# A question regarding particle diffraction - Might have posted in wrong place?

• BruceSpringste
In summary, the problem involves finding the angles at which a beam of neutrons with a variety of energies can be diffracted to obtain neutrons with a specific energy of 0.050 eV. Using the non-relativistic equation for kinetic energy and de Broglie's law, we can find the wavelength of the neutrons and use Bragg's law to calculate the angles at which they will be diffracted. The key is to remember that kinetic energy can be written as p^2/2m, where p is the momentum of the neutrons. If stuck, show your work for further assistance.
BruceSpringste

## Homework Statement

"A beam of neutrons that emerges from a nuclear reactor contains neutrons with a variety of energies. To obtain neutrons with an energy of 0.050 eV, the beam is passed through a crystal whose atomic planes are 0.20 nm apart. At what angles relative to the original beam will the desired netruons be diffracted?"

## Homework Equations

Braggs law
mλ=sin2θ

3. The Attempt at a Solution [/b
My first thought was to use braggs law and simply solve for θ and m=1,2,3... but θ>90degrees.
However the problem seems a lot more complex than that. My book doesn't have any answers to the question so I can't double check if I have done this right!

BruceSpringste said:

## Homework Statement

"A beam of neutrons that emerges from a nuclear reactor contains neutrons with a variety of energies. To obtain neutrons with an energy of 0.050 eV, the beam is passed through a crystal whose atomic planes are 0.20 nm apart. At what angles relative to the original beam will the desired netruons be diffracted?"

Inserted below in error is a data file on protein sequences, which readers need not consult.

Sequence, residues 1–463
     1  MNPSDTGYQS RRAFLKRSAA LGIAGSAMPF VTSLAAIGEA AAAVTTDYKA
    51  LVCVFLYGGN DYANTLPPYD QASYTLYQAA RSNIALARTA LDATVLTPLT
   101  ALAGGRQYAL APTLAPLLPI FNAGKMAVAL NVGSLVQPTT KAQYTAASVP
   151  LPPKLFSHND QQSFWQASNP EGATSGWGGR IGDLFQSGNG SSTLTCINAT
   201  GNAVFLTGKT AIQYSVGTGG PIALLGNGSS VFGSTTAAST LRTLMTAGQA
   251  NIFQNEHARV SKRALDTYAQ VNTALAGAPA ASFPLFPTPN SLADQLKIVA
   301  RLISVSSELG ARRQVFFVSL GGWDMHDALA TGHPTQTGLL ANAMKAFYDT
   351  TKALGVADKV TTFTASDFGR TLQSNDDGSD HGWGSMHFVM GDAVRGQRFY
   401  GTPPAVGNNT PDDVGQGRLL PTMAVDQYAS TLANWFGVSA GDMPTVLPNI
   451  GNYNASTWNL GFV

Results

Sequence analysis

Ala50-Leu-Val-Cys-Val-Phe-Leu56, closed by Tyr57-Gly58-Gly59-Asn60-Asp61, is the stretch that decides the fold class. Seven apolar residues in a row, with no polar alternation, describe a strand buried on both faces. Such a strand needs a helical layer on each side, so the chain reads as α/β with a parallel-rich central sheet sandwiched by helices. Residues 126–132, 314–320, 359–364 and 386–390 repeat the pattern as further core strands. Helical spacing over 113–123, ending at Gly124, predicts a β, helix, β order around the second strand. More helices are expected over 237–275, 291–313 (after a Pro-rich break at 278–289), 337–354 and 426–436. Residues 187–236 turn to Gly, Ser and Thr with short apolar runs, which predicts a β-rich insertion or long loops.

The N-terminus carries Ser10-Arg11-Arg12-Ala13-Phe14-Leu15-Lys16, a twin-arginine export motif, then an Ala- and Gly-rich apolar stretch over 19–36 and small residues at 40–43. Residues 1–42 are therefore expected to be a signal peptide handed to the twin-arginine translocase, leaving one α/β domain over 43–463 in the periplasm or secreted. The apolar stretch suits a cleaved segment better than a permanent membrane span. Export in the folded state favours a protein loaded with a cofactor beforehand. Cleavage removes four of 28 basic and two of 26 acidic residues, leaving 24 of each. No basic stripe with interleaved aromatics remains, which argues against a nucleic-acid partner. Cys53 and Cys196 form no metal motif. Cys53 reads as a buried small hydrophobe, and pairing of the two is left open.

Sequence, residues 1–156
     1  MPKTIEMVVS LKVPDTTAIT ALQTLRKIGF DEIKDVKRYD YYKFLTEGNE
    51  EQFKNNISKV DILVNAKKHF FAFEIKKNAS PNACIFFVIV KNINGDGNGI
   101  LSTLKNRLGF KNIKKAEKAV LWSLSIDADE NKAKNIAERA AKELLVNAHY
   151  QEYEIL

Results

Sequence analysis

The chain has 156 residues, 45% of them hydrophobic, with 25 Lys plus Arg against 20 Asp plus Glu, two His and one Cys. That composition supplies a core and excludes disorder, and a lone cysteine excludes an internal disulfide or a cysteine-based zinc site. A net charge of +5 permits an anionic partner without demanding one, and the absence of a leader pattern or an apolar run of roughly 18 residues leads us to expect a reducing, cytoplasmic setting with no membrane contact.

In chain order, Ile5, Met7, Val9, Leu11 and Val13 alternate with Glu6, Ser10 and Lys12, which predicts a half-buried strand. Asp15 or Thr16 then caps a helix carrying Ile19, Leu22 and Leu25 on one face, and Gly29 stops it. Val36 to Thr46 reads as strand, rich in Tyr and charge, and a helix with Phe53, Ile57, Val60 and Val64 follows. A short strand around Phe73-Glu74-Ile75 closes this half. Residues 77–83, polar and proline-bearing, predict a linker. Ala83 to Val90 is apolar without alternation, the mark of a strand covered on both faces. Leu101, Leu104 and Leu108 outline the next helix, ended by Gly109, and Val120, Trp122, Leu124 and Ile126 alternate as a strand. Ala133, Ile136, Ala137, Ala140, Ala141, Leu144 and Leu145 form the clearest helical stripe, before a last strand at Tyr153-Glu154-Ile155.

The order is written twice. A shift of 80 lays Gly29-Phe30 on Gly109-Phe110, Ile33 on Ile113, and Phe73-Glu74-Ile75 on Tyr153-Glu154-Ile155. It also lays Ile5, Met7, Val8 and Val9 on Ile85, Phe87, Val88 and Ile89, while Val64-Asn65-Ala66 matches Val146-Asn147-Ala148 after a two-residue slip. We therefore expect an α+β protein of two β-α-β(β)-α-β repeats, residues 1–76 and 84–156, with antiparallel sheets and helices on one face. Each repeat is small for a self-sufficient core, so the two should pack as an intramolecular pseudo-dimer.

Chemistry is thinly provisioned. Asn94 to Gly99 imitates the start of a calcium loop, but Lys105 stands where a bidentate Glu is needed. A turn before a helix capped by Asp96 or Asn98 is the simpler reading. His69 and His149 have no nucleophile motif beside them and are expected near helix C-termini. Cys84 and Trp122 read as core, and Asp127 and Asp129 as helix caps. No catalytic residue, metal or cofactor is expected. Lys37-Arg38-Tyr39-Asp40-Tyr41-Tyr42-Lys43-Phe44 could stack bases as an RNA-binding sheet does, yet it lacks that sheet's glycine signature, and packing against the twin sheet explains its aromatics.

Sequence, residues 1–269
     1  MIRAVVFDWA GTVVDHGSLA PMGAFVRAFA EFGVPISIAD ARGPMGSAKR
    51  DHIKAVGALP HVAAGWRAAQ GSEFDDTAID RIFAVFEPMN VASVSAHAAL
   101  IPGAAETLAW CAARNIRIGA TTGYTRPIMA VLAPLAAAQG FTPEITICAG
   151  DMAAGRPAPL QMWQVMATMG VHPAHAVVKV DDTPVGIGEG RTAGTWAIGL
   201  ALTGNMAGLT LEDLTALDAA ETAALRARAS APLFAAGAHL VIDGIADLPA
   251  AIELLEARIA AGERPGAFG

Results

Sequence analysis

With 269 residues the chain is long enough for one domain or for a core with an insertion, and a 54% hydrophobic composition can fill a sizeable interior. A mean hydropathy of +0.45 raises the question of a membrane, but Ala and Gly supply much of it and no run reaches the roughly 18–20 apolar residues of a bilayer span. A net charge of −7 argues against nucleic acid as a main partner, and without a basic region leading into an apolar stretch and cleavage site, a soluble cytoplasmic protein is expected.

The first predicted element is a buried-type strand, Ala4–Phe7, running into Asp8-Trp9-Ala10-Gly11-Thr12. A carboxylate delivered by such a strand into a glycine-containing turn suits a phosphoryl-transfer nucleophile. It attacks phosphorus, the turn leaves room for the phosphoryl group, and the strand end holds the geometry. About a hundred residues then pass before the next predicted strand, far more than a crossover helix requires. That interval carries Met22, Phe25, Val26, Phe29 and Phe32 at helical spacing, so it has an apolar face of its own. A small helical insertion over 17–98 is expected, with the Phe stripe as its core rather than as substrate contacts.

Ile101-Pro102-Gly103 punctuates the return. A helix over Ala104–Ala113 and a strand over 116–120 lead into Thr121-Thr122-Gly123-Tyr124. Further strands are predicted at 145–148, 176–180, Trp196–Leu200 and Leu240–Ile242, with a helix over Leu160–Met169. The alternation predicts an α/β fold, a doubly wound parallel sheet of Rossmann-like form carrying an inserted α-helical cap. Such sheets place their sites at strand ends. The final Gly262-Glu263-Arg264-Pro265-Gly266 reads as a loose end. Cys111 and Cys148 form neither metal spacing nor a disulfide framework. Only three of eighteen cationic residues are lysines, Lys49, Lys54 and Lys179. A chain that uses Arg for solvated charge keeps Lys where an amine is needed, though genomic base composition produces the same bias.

## Homework Equations

Braggs law
mλ=sin2θ3. The Attempt at a Solution [/b
My first thought was to use braggs law and simply solve for θ and m=1,2,3... but θ>90degrees.
However the problem seems a lot more complex than that. My book doesn't have any answers to the question so I can't double check if I have done this right!

The expression you wrote for Bragg's law is not correct. It should be

$$m\lambda = 2d \sin\theta .$$

Does using that expression give you reasonable answers? By the way, the original (incorrect) expression you wrote for Bragg's law did not contain the plane spacing d. Was that a typo, or did you not notice that you weren't using the plane spacing in your calculation? It's handy to keep track of what pieces of information you have but didn't use so that you can perform a 'sanity check' and assess whether or not you think you should have used that piece of information in your calculation.

I of course meant what you wrote. It was a typo!

And no it doesn't feel like I get a reasonable answer. It feels like something is missing.

Since the neutrons are behaving like a wave I thought using braggs law would solve it for me.
However the problem is my book doenst provide any answers to the questions. And i was wondering if I have been thinking correctly!

Last edited:
BruceSpringste said:
I of course meant what you wrote. It was a typo!

They're not always typos! Sometimes people just have the wrong equation, so we have to double-check that first.

And no it doesn't feel like I get a reasonable answer. It feels like something is missing.

Since the neutrons are behaving like a wave I thought using braggs law would solve it for me.
However the problem is my book doenst provide any answers to the questions. And i was wondering if I have been thinking correctly!

Bragg's law does seem like the appropriate approach to the problem. Have you double checked all of the numbers you were given and their units? For example, are you sure the neutron energy is not supposed to be in MeV? That would give a more reasonable wavelength (on the order of ~ 0.1 nm) for the neutrons.

Haha I get that! And I'm very grateful that you're taking your time to answer this question.

The unit is eV, I have double checked.
To obtain lambda I feel I have to use de broglies equation: λ=h/γmv